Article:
Summerisle wicker man

My point with all this is that you can build a wicker man, but because the social, cultural, cognitive, and religious context for druidic human sacrifice is gone (outside of Summerisle anyway), you would arguably just be murdering people. This is the sense in which I mean that authenticity-as-historicity is unattainable. If the question is merely one of historical interest, then obviously accuracy is desirable–and yes, there are plenty of people out there making factually erroneous claims about the historicity of their magic–but that only bothers me (admittedly, it bothers me a lot) in an academic sense.

I think if we cannot fully replicate or reconstruct the past, we are released from the obligation to try. The primacy of ancient wisdom is just one among many metaphysical assertions that demand to be questioned if we are not just to accept them as dogma. Why should we think that the Western Magical Tradition is univalent, or that it stopped evolving?

Authenticity as functionality

This picture captions itself, really.
This picture captions itself, really.

When I was a kid my aunt used to laugh at me and say that I always had to do everything the hard way. I would never take advice. So if you are one of those people who must reinvent the wheel, I feel you. Mind you, I messed up a lot because of my unwillingness to listen to my elders.

Does a given method work without too many unintended undesirable effects? That’s always the most fundamental question in magical practice. I could tell…well, anyone…that a “haunted unicorn pegasus telepathy intuition spirit talisman” is probably not going to achieve anything but the emptying of their wallet, but I guess it depends on what effect the benighted purchaser is going for. Here again, those mental/cultural models are in play: If the ends were all the same, we could compare which means work best; but the ends are not all the same.

Look, I admit that if I were part of a lodge or coven, and the other members were hipsters doing Fauxhemian tarot readings, or if they were New Agers seeking crystal children to help them bring about the Ascension, I would be super annoyed and leave because I would not be getting what I’m looking for. I really hope I’m not coming off here as though I am above being judgy, because heck, judging is one of my hobbies. (I’m sure that will become apparent in due time if it hasn’t already.) And I don’t mean this as some can’t-we-all-just-get-along tolerance talk. There is also the question of appropriation, which I address separately. Relativism has its benefits, but the magical path is lonely enough without having to do everything by yourself from scratch. It’s kind of crazy not to take advantage of the human ability to learn vicariously. At some point, you have to take someone else’s method or metaphysical proposition and try it on for size. And it should not be dismissed simply because it makes you uncomfortable. I would have gotten exactly nowhere–and granted, I’m barely even onto the path at this point, but I wouldn’t be on it at all–if I hadn’t ultimately swallowed my pride and decided to work through my uneasiness.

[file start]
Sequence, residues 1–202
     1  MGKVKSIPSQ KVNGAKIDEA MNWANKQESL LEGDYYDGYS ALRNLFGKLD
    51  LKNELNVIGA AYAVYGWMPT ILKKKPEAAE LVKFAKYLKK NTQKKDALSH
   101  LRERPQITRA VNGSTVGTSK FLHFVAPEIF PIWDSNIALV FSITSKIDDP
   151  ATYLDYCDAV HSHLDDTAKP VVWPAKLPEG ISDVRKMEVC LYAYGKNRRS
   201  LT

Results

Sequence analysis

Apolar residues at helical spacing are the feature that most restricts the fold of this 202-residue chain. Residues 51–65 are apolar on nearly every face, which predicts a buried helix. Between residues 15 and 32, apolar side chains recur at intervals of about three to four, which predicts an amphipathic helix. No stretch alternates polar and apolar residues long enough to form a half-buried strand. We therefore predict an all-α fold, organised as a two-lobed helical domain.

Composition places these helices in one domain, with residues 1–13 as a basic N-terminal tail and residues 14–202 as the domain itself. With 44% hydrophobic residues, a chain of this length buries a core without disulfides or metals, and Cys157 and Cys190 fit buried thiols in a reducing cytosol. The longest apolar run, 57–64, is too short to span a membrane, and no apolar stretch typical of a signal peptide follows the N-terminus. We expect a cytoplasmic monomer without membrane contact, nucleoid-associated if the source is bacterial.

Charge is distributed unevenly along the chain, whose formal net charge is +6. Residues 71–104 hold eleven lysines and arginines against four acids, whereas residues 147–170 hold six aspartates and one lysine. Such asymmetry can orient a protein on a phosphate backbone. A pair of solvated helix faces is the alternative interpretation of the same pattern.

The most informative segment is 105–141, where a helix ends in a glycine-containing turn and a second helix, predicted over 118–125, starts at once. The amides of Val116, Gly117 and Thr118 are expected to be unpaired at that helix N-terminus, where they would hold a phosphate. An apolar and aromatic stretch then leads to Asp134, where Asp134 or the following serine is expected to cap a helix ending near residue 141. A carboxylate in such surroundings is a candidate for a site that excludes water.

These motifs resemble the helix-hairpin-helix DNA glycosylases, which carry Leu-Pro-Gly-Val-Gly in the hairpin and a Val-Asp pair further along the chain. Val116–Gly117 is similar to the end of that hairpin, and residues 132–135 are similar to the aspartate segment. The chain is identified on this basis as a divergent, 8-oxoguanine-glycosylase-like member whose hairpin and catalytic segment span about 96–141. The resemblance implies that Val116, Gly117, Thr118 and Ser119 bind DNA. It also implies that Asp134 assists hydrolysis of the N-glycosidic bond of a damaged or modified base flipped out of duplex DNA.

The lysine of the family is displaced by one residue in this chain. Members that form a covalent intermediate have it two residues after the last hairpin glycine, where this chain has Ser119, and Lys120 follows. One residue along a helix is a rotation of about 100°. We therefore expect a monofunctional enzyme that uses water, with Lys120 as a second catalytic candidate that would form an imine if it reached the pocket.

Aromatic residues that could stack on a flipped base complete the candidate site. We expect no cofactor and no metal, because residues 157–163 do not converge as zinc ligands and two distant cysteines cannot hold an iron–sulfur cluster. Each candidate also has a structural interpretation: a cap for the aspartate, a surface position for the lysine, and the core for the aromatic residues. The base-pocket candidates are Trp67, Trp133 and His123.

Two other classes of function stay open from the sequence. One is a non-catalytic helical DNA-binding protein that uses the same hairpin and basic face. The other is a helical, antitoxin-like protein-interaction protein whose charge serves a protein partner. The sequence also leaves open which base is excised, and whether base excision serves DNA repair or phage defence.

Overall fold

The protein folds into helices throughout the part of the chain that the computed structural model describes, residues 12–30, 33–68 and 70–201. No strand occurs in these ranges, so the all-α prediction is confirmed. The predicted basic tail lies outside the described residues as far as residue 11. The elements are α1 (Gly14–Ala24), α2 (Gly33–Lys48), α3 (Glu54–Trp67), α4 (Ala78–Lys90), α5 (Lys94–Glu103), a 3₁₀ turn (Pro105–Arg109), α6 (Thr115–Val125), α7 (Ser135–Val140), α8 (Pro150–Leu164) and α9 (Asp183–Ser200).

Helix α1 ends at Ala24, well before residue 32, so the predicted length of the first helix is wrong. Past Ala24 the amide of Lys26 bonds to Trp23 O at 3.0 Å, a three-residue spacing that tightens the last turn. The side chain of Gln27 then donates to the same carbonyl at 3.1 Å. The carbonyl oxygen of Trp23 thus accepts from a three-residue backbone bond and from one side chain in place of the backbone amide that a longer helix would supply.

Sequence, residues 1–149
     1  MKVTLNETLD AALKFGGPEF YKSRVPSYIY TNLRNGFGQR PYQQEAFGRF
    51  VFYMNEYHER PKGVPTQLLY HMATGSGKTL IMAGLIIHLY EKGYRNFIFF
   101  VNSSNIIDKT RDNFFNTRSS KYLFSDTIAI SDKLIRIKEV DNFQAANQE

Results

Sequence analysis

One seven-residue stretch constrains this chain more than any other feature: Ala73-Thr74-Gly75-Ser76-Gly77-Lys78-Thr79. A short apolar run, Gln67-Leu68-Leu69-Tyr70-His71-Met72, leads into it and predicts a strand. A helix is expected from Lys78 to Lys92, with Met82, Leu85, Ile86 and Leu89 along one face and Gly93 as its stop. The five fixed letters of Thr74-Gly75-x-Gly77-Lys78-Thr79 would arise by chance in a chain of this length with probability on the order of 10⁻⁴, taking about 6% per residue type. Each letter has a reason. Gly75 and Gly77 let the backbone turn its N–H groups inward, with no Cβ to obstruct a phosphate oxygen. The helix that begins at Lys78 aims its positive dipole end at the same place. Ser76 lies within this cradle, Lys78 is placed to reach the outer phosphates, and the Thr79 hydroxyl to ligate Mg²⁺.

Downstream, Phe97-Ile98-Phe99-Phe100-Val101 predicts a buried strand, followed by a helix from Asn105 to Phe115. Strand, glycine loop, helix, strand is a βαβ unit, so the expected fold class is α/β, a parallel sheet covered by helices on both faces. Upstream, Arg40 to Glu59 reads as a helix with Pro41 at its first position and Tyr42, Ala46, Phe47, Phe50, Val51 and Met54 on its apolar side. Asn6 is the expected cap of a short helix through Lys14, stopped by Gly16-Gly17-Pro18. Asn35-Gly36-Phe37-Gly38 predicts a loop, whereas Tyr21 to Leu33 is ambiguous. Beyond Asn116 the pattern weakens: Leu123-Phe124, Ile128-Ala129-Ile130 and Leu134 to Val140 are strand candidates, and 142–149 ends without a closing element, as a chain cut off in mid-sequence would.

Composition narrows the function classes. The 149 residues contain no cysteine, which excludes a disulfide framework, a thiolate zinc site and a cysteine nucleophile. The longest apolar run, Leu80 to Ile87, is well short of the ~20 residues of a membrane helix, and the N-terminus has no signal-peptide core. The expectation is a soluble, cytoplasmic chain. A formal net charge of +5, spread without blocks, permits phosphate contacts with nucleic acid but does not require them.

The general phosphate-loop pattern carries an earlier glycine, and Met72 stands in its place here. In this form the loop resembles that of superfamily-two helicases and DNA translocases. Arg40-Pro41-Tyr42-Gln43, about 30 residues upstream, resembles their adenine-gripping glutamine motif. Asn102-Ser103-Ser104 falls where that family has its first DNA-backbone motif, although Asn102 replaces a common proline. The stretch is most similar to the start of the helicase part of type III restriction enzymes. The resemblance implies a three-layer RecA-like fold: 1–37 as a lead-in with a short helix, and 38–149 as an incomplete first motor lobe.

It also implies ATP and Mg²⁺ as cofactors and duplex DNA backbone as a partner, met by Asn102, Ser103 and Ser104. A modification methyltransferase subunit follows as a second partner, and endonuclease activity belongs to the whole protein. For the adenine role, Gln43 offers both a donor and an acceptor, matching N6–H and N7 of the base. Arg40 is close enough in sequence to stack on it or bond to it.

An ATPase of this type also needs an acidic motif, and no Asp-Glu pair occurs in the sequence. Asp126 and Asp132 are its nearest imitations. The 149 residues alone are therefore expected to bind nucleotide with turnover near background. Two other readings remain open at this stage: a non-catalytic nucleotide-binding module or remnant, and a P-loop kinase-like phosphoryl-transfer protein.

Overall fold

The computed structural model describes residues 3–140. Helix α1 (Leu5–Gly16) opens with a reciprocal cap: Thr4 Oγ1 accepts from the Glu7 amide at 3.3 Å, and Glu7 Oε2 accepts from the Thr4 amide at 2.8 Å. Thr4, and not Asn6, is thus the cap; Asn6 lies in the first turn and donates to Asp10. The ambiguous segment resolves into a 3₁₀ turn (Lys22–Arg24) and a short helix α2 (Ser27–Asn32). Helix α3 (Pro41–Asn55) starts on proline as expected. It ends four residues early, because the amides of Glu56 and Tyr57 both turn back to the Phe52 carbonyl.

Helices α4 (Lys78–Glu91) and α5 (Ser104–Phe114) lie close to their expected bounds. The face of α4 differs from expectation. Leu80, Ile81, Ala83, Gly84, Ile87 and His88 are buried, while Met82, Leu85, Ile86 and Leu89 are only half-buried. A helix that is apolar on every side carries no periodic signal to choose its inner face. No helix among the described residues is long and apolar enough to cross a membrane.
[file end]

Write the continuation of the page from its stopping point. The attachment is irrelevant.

On the other hand, UPG can result in some frankly bizarre stuff. I used to contribute to an internet forum that was mostly made up of New Agers. There were a couple other people more of my own metaphysical stripe, enough to keep me coming back and thinking I had something of value to contribute. But I finally gave up after I encountered (1) a woman who claimed to channel angels. One type of angels were the “Chantilly angels,” who told her that God’s ideal society was 1950s America, and these angels were here to return us to that golden age. (2) Someone who claimed to channel an extremely racist Archangel Michael. (3) A dude who thought the Bronze Age Indus Valley civilization had flying cars and nuclear weapons (I have been hearing this lately from some Hindu Vedic fundamentalists; not sure if he was one). And (4) another person who claimed to have channeled an Atlantean who said that if you suck on seeds before planting them, the plants will absorb your DNA and then produce exactly the nutrients you personally need. (I am not making this up.) I also saw (virtually speaking) some people who were obviously being munched on by noncorporeal parasites, and were being told whatever they needed to hear to keep them compliant. In short there is a lot of crazy out there, and there are apparently plenty of individuals (embodied and not) who really, really want to share it with you. (I am a year late but I just found out about this book on the subject of channeled weirdness via Disrupt & Repair and cannot wait to read it.)